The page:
See Mystery Lights

Yacht - See Mystery Lights
Annie Zaleski

At times, the mythology surrounding YACHT—which stands for Young Americans Challenging High Technology—threatens to overwhelm its music. The electro-pop brainchild of Portland, Oregon, musician Jona Bechtolt, YACHT functions as a sonic manifestation of his immersion in technology (he chronicles much of his life online) and fascination with mystical symbolism. (In fact, the press kit for the act’s DFA Records debut, See Mystery Lights, included a pamphlet explaining the significance of triangles.)

The Details

Four stars
Beyond the Weekly

But Lights’ music more than compensates for any perceived pretentiousness. Viscous dance grooves informed by street funk, decayed urban disco and pastiche-electro—think the Art of Noise, early ’80s NYC punk-funk innovators and DFA acts such as LCD Soundsystem—collide with clashing guitar shards and skittering rhythms. Occasional awkward diatribe about technology aside, Lights is irresistible: “I’m in Love With a Ripper” is an auto-tuned party jam that spoofs both cheesy ’80s pop and hedonistic hip-hop, while the loping-to-stomping tropical drone “Ring the Bell” pulses with Animal Collective-caliber rhythmic color.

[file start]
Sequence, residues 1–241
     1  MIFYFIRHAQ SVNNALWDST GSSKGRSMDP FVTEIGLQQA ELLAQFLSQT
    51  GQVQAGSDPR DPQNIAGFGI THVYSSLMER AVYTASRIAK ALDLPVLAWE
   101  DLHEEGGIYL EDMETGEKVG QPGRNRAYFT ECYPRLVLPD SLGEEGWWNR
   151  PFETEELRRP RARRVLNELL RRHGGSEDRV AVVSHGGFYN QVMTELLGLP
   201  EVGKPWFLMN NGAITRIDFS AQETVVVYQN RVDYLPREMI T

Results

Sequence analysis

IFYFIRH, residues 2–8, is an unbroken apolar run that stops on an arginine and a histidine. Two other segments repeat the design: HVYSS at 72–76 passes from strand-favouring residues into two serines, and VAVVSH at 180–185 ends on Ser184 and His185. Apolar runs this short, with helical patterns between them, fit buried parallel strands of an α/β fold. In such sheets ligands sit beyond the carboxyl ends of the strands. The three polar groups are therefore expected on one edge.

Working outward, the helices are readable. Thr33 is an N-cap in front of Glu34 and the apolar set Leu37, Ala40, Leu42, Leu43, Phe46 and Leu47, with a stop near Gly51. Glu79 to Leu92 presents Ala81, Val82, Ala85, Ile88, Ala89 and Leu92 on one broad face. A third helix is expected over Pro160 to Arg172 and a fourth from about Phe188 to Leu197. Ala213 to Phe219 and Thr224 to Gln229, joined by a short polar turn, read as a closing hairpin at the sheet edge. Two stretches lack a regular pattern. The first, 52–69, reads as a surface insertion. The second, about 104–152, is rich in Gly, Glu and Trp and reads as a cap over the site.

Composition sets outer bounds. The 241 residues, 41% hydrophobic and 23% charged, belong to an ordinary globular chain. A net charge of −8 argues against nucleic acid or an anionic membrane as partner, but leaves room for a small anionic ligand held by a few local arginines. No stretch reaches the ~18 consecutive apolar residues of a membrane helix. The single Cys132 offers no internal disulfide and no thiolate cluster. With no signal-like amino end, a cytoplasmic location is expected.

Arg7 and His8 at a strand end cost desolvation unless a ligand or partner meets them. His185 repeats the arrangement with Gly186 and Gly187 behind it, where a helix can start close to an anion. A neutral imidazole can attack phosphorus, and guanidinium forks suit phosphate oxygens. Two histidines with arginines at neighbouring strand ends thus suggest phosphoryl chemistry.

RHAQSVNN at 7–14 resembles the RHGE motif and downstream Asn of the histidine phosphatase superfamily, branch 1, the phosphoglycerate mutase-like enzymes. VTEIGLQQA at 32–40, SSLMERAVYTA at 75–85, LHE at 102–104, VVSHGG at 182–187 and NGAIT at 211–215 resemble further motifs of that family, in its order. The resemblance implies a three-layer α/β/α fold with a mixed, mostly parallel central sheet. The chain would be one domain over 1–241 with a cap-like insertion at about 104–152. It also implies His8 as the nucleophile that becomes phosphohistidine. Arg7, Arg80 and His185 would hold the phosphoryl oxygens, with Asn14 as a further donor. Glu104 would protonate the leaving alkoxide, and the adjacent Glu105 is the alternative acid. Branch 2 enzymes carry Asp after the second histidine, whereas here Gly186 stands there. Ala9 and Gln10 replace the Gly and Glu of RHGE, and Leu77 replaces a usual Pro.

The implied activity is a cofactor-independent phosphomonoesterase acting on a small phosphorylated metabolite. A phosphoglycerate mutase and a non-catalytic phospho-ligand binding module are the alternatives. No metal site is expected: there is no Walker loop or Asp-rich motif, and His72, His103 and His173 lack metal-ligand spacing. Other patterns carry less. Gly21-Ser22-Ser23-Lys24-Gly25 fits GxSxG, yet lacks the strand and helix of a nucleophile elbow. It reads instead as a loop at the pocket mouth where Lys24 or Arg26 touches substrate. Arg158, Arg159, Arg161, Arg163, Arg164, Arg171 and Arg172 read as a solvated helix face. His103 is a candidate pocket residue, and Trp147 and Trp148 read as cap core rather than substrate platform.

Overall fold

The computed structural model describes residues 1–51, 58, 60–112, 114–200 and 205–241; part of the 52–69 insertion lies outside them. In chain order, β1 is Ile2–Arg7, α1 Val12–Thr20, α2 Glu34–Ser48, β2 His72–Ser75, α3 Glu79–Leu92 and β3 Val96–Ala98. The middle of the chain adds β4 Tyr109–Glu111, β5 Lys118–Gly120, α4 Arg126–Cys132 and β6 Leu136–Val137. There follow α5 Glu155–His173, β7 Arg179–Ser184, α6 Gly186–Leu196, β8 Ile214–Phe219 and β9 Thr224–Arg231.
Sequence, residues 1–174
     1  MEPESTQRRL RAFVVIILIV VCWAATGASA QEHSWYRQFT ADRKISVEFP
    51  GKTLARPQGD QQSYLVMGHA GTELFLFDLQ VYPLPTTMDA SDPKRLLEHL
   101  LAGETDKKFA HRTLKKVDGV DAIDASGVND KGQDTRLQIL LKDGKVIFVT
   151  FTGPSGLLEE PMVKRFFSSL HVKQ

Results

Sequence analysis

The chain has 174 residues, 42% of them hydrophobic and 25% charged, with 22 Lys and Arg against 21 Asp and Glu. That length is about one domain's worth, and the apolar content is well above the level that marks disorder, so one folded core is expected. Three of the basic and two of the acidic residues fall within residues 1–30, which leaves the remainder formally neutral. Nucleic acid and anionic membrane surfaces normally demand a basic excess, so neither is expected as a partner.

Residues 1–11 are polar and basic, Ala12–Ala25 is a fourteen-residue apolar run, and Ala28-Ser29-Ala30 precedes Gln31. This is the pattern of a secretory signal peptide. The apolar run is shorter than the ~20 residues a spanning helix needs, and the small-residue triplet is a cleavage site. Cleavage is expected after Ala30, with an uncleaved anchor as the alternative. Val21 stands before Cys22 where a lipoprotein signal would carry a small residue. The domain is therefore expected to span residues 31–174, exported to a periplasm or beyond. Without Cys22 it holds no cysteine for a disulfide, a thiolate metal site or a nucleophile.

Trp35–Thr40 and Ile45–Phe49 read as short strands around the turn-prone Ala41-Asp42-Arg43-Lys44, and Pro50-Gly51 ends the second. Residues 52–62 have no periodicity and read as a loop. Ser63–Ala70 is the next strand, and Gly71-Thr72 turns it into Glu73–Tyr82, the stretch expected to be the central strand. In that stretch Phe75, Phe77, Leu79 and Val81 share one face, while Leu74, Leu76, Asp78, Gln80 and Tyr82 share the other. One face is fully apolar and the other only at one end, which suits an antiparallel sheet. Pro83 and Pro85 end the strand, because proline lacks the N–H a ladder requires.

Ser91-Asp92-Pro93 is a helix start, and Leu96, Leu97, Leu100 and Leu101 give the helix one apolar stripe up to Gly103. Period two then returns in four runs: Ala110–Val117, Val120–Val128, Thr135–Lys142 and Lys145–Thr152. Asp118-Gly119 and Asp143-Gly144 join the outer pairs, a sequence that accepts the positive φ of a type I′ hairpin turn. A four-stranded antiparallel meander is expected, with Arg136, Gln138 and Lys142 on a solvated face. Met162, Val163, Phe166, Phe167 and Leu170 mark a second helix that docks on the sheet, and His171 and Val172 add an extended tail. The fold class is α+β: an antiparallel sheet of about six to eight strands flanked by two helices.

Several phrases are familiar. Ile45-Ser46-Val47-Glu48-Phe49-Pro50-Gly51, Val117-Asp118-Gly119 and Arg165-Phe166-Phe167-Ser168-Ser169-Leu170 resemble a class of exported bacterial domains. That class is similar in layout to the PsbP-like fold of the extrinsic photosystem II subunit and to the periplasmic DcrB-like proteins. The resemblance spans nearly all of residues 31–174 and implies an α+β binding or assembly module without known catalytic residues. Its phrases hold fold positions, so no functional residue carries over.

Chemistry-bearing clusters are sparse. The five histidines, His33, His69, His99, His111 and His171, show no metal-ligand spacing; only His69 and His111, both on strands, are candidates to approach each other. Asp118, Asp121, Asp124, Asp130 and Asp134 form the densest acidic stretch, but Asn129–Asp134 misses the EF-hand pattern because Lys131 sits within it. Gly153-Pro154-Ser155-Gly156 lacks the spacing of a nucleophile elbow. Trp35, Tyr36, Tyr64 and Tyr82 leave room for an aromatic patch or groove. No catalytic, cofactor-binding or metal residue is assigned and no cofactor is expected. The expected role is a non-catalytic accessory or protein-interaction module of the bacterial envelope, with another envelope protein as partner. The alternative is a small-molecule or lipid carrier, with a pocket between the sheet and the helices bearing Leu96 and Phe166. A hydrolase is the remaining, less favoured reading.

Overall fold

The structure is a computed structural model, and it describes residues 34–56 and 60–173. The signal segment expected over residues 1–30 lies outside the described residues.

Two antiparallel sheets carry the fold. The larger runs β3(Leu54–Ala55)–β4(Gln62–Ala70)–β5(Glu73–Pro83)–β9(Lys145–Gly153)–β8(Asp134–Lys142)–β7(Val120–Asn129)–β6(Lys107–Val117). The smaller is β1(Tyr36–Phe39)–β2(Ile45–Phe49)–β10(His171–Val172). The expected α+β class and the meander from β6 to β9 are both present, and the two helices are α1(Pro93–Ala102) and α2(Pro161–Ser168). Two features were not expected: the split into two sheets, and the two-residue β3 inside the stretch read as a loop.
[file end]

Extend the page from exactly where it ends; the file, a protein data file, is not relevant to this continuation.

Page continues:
New permanent member Claire L. Evans might be YACHT’s secret weapon: On the new-wave playground chant “The Afterlife,” her speak-sing delivery resembles Kate Pierson’s, giving the song a B-52’s-on-vacation vibe. The glut of electro acts in recent years has made it difficult to find the truly innovative bands and musicians, but thanks to Lights, YACHT should rise above the rest.


Previous Discussion:

  • Eighty hours in, it feels like I’ve barely scratched the surface of the combat system.

  • Also: Young the Giant, Kidz Bop and Katchafire.

  • Inspired by Adams’ divorce from Mandy Moore, most of the songs are melancholy and downbeat.

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